NY Congressmembers Jerrold Nadler and Carolyn Maloney are both old-time NYC Democrats who are centrists, sane, believe in working across the aisle and are among Israel’s best friends in Washington. For years, they’ve worked together for the benefit of their constituencies, he in the 10th and she in the 12th districts, until the most recent redistricting has pitted them against each other in the coming Democratic primaries on August 23.
Nadler, the 10th District incumbent, is running in Maloney’s redrawn 12th District. According to Ballotpedia, 28% of the redrawn 10th District’s population is from the old 10th.
The Washington Post reported on Tuesday that Nadler has been running on his Jewish bona fides (Do Jewish New Yorkers care about identity politics? Jerry Nadler hopes so.) Reporter Paul Schwartzman described him fishing for votes outside Zabar’s, where voter Carole Kaufmann, 86, described him as “A heymisher man,” adding: “I want him around, he represents us.”
Nadler’s campaign warned recently that if he is forced to leave the House after 30 years, New York City would lose its “last remaining” Jewish representative.
Yes and no – The Jewish Press has just interviewed Brian Robinson (Brian Robinson: A Moderate For New York’s District 10), a Jewish Democrat who is running in Nadler’s vacated 10th District, against left-leaning US Rep. Mondaire Jones; former New York City Mayor Bill de Blasio; prosecutor Daniel Goldman; former US Rep. Elizabeth Holtzman; State Assemblymember Yuh-Line Niou; New York City Council Member Carlina Rivera; and State Assemblymember Jo Anne Simon. So, if God wants Manhattan to have a Jewish Congressman and not a progressive one, He in his wisdom will help Robinson get over those considerable electoral hurdles.
Still, seeing Nadler fighting for his political life is a sign of things to come in Jewish Manhattan: when he was first elected to Congress, in 1992, he was among eight Jewish Congressmembers from the city. This is the first time he is forced to play identity politics, against Maloney, who represents what’s come to be known as the Hanukkah district: stretching from Astoria, Queens to the Lower East Side, to Brooklyn, it’s been home to Greeks and Jews (that joke was applicable a couple of redistricting cycles ago).
“It would be very unfortunate if there was no Jewish representation from New York,” Nadler told the Washington Post. “As it would if there was no Latino representation or no Black representation.”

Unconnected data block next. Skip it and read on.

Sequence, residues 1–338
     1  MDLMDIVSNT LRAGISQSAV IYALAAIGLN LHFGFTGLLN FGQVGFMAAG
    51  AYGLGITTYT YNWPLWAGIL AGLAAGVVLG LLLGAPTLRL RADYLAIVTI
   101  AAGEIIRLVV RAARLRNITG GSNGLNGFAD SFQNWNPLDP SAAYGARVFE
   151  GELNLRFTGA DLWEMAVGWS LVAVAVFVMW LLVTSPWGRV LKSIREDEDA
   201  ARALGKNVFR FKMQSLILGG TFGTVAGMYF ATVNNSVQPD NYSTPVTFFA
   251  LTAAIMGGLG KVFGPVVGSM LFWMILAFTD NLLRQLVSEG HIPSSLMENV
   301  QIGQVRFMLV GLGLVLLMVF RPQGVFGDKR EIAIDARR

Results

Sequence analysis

He wasn’t saying outright that Maloney, a Presbyterian (and you thought she was Catholic, right?), can’t represent Jews. He only said that just as “non-Blacks can support civil rights,” but “nonetheless, no one would argue that you shouldn’t have Black representation because others can do it for them,” and, well, Jews know best what Jews need.
Finally, Nadler’s record on Israel: in 2015, Nadler voted to support the agreement to lift economic sanctions against Iran in exchange for Iran’s compliance with the terms of the agreement which called for substantial dismantling and scaling back of their nuclear program. Nadler faced a wave of hostile reactions from his fellow Jews, possibly the ones whose votes he hopes to get in the primaries. The ADL condemned what it called “vicious attacks” on Nadler and other Jews in Congress who supported Obama’s nuclear deal. But the ADL don’t vote in NY’s 12th.
On May 8, 2018, Nadler attacked President Donald Trump’s withdrawal from the Iran deal, saying, among other things: “President Trump has done zero to counter Iran’s growing influence in the region, zero to crack down on Iran’s human rights behavior, zero to add international pressure against Iran’s development of ballistic missiles, zero to stop Iran from its continued support for terrorism. And with his withdrawal earlier today, President Trump has provoked an unnecessary crisis and handed Iran the alibi it needs to restart its nuclear activities.”
Maybe. Today it looks like it’s Nadler who needs an alibi to justify to Jewish voters his stance on the nuclear deal.
In December 2017, Nadler criticized Trump’s decision to recognize Jerusalem as the capital of Israel, saying: “I have long recognized Jerusalem as the historic capital of Israel, and have called for the eventual relocation of the United States Embassy to Jerusalem, the seat of the Israeli government. While President Trump’s announcement earlier today rightly acknowledged the unique attachment of the Jewish people to Jerusalem, the timing and circumstances surrounding this decision are deeply worrying.”
So, not against recognizing Jerusalem and moving the embassy there, only against the timing, which, to remind you, before Trump’s term used to be “never.”